The government of South Africa answered the Black hope by escalating the enforcement of racial segregation laws.

Trade unions and other movements continued to grow in strength during the 1970’s and fight against Apartheid.

When the government then ordered that all classes in Black colleges bet taught in Afrikaans, students protested by refusing to go to their classes and instead organized large scale rallies to protest Apartheid.

It turned extremely violent with police shooting into the crowds on university campuses. The first killed that day was a 15-year-old. The next shot was a 12-year-old boy named Hastings Ndlova. Those two killings set off an angry cry around the world as people began to protest the confines and harshness of Apartheid.

By that day’s end there were more than 200 dead.

During the 1980’s a growing minority of Whites joined the protest against Apartheid and sided with a group called the Progressive Party.

By the late 1980’s many nations placed trade embargos and restrictions on South Africa as long as it insisted on maintaining its Apartheid laws.

By the late 1980’s and early 1990’s there was an international movement to shut out South Africa until it changed its Apartheid laws and dismantled its existence.

The pressure was systematically increased to the point that during the last few years of Apartheid the nation of South Africa was in a constant state of turmoil and crisis. Whether it was uprisings from within or pressure for international voices the nation constantly had issues and problems directly related to its insistence of its Apartheid regime.

By 1993 movement was underway to promote and achieve the peaceful dismantling of Apartheid, led by the Whites in South Africa who were against its existence, and backed by international forces that refused to lift their sanctions against South African trade and business until Apartheid was dismantled.

In 1994 Apartheid was officially over. Today, Blacks are considered equal and there are several affirmative action programs in place to try and reverse the damage that was done during the Apartheid reign.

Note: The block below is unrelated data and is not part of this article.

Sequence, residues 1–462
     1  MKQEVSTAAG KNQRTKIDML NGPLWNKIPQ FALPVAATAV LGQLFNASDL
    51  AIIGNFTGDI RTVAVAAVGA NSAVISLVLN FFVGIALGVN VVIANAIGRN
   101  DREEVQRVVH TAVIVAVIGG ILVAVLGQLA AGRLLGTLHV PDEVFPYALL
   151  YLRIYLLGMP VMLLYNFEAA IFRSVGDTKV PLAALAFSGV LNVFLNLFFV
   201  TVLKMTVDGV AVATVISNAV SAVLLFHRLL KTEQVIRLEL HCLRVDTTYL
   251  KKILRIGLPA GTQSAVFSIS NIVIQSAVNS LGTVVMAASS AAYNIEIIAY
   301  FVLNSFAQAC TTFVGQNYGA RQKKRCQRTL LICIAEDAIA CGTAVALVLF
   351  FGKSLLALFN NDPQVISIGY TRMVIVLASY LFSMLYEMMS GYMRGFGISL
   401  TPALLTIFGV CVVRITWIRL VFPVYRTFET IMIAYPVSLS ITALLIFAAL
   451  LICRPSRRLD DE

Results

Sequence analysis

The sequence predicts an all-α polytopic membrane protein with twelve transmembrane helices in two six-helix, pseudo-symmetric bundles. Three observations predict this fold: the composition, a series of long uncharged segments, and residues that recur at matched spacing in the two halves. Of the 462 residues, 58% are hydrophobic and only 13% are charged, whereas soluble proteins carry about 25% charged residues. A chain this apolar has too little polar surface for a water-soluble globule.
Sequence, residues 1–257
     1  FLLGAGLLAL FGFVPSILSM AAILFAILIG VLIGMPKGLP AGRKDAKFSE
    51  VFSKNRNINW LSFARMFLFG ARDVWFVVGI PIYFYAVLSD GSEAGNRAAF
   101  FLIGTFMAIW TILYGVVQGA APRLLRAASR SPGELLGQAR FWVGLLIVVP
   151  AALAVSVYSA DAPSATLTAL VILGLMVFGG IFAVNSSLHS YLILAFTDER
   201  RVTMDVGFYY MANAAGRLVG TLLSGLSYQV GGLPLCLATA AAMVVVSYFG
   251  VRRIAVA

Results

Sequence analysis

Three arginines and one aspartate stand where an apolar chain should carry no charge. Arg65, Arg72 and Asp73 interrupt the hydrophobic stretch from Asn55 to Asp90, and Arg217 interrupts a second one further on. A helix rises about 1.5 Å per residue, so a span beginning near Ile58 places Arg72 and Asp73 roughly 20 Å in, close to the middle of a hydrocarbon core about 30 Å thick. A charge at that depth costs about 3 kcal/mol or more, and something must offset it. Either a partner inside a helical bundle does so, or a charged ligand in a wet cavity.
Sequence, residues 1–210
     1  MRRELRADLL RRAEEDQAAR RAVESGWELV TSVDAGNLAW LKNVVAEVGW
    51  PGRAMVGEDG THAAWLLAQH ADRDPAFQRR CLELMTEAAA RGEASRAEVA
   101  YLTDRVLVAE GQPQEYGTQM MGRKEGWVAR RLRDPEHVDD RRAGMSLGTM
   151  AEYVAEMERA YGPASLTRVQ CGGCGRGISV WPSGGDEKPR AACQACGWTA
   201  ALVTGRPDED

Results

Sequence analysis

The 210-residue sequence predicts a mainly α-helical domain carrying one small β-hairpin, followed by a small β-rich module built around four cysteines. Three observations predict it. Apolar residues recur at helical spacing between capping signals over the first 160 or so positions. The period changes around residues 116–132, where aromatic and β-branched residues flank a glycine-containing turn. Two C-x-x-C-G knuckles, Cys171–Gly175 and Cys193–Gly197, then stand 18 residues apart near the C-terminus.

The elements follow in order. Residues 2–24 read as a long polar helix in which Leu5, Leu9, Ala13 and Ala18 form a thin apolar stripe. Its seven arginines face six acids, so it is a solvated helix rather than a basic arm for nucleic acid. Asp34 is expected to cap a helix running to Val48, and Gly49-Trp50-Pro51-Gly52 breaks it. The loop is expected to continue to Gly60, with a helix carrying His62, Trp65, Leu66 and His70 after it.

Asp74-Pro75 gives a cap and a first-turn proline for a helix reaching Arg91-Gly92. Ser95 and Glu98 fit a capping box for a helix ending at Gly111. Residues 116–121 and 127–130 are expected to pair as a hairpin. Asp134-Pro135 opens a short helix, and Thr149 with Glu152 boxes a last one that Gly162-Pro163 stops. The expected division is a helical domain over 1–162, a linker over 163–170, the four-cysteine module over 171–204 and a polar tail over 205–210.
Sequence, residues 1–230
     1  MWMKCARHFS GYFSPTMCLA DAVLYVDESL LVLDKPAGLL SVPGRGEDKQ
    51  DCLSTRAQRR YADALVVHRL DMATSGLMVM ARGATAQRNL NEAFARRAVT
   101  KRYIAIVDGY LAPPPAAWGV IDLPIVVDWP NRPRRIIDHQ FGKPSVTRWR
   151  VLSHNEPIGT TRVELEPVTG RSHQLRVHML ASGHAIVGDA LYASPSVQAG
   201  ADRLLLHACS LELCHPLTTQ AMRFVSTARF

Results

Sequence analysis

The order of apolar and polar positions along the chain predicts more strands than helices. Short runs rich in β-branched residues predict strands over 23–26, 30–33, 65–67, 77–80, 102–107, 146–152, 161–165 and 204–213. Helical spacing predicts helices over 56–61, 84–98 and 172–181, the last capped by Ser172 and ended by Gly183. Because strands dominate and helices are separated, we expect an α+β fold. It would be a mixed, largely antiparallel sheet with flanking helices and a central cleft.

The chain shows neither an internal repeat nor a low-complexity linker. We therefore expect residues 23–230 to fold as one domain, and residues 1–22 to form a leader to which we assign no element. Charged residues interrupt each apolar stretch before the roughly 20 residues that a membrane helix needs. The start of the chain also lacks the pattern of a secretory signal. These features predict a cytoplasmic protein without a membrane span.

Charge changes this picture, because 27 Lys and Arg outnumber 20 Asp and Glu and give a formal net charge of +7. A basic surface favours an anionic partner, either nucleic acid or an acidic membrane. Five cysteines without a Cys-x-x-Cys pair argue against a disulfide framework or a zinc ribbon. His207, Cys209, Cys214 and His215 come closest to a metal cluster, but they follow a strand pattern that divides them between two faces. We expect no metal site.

Apartheid is evidence of what a government is capable of doing to violate human rights if it is given enough power to do so.

As the world moves forward it will continue to be important to monitor national governments to be sure that there is no attempt to ever implement such an unfair brutal system again.


Nevin, Tom (2006) Is apartheid still alive and kicking?(South Africa).African Business

Saul, John S (1986) South Africa: the crisis deepens. (anti-apartheid movement)

Monthly Review

Abdi, Ali (2003) Apartheid and education in South Africa: select historical analyses.

The Western Journal of Black Studies

Macrae, M. (1994). “A legacy of apartheid: The case of mathematical education in South Africa.” International Journal of Educational Development, 14(3), 271-287.

Mandela, N. (1994). Long Walk to Freedom: The Autobiography of Nelson Mandela. Toronto: Little, Brown & Company

Mattes, R. (2002). “South Africa: Democracy without the people?” Journal of Democracy, 13(1), 22-36.

McLaren, P. (1994). White terror and oppositional agency: Towards a critical multiculturalism. In D. Goldberg (Ed.), Multiculturalism: a critical reader. Cambridge, Mass.: Basil Blackwell.

Mandela, N. (1994). Long Walk to Freedom: The Autobiography of Nelson Mandela. Toronto: Little, Brown & Company

Abdi, Ali (2003) Apartheid and education in South Africa: select historical analyses.

The Western Journal of Black Studies

Mandela, N. (1994). Long Walk to Freedom: The Autobiography of Nelson Mandela. Toronto: Little, Brown & Company

McLaren, P. (1994). White terror and oppositional agency: Towards a critical multiculturalism. In D. Goldberg (Ed.), Multiculturalism: a critical reader. Cambridge, Mass.: Basil Blackwell.